Is injectable treatment safe to use with other medications and gender-affirming hormones?

Injectable cabotegravir and rilpivirine should not be used with:

  • the anticonvulsants carbamazepine, oxcarbazepine, phenobarbital, phenytoin
  • the antimycobacterials rifabutin, rifampicin, rifapentine
  • the systemic glucocorticoid dexamethasone, except as a single-dose treatment
  • the herbal supplement St John’s wort.

Injectable cabotegravir and rilpivirine are safe to use with gender-affirming hormones, and also with contraception.

Injectable cabotegravir and rilpivirine has fewer drug interactions than older HIV drugs. As the medications are absorbed by the body in different ways to oral medications, some drug interactions are avoided.

However, as it is more widely used, it is possible that some unexpected drug interactions may occur. These may be difficult to manage because it is not possible to quickly remove cabotegravir and rilpivirine from the body once they have been injected. Therefore, consultation with a pharmacist is important both before you start injectable treatment, and, if currently taking it, before taking other prescription medicines, over-the-counter medicines and supplements.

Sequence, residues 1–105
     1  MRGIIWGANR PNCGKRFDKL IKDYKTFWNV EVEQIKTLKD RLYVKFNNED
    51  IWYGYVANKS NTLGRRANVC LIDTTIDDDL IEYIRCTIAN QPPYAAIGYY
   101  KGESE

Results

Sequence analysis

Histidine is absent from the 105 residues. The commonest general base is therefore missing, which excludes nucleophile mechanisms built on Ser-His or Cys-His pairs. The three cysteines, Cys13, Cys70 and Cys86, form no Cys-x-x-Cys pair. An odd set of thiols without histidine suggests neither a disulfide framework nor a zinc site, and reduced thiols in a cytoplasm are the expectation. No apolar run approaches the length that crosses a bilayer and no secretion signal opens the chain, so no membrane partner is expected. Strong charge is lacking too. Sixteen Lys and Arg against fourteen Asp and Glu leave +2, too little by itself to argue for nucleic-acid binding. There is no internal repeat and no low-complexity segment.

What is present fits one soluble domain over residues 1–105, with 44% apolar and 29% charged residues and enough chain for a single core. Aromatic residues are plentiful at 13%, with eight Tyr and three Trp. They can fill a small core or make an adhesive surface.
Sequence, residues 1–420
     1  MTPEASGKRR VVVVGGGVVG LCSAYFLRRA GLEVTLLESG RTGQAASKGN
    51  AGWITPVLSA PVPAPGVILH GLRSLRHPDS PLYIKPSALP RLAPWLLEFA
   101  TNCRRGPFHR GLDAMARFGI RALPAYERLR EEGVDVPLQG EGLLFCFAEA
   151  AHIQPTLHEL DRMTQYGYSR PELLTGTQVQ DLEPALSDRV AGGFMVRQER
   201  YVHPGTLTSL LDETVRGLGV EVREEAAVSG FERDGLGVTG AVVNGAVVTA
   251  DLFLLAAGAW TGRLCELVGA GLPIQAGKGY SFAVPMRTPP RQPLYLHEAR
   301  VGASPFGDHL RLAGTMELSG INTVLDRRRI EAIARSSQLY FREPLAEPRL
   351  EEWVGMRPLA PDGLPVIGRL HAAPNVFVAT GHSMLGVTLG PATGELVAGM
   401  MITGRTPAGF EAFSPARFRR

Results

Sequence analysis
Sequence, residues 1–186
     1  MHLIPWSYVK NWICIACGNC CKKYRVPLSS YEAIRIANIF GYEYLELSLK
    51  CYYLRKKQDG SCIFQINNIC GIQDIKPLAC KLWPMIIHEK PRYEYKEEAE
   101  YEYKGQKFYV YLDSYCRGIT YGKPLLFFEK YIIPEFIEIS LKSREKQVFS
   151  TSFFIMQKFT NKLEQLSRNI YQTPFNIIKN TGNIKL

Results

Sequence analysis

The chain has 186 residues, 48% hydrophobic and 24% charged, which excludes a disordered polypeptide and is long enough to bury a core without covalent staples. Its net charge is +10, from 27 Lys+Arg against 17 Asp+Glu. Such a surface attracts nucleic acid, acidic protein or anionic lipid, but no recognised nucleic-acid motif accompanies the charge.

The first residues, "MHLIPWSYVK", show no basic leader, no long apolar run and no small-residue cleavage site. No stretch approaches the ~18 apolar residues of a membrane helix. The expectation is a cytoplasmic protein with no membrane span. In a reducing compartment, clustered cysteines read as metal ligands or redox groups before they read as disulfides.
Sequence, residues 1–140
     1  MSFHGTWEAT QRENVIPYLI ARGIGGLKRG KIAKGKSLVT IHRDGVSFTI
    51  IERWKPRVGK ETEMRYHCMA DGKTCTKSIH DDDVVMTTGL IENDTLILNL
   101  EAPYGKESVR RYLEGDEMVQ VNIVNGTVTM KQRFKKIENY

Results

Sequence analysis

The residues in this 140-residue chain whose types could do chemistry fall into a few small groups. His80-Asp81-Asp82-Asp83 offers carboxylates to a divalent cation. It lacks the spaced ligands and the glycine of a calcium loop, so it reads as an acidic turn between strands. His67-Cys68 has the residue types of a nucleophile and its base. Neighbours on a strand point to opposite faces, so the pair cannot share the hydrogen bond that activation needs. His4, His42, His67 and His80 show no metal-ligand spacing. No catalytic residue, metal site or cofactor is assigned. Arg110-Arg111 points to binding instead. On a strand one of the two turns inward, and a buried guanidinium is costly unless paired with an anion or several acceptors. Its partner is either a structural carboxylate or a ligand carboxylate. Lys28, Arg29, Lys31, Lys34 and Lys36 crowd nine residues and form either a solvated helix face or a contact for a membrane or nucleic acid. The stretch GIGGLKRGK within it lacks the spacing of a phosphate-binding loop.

There’s more information about drug interactions in our factsheet and in our detailed page in the A-Z of antiretroviral medications.

Is it necessary to take daily tablets before having the injections?

It was initially recommended to start by taking cabotegravir and rilpivirine pills once a day for a month, before beginning the injections. This is known as an ‘oral lead-in’.

The rationale is to ensure that the medications are well tolerated since the content of an injection cannot be removed if it causes problems. Nonetheless, safety concerns have not emerged from the trials so far, and there are some data suggesting the oral lead-in is not necessary. As a result, regulators have now approved the oral lead-in as optional, and you can decide with your doctor if this is something you want to do.

How long do the drugs stay in the body after an injection?

The injectable medications persist in the body for several weeks or months after a last injection, slowly declining over time. It is estimated that the ‘half-life’ (how long it takes for the drug concentration in blood to be reduced by 50%) of cabotegravir is between five and 12 weeks, while that of rilpivirine is between 13 and 28 weeks. In some people, traces of the drugs can still be found one year after their last injection.

This raises concerns about drug resistance. If you stop receiving the injections and do not switch to another HIV treatment, there will be a lengthy period during which resistance could develop. Drug resistance can develop in situations like this when there is some HIV medication in the blood but not enough to fully suppress the virus.

For this reason, if you stop the injections, it is essential to switch to an alternative HIV treatment regimen. If you have been having the injections once a month, you should switch to your new treatment within one month of your final injection. If you have been having them once every two months, you should switch within two months.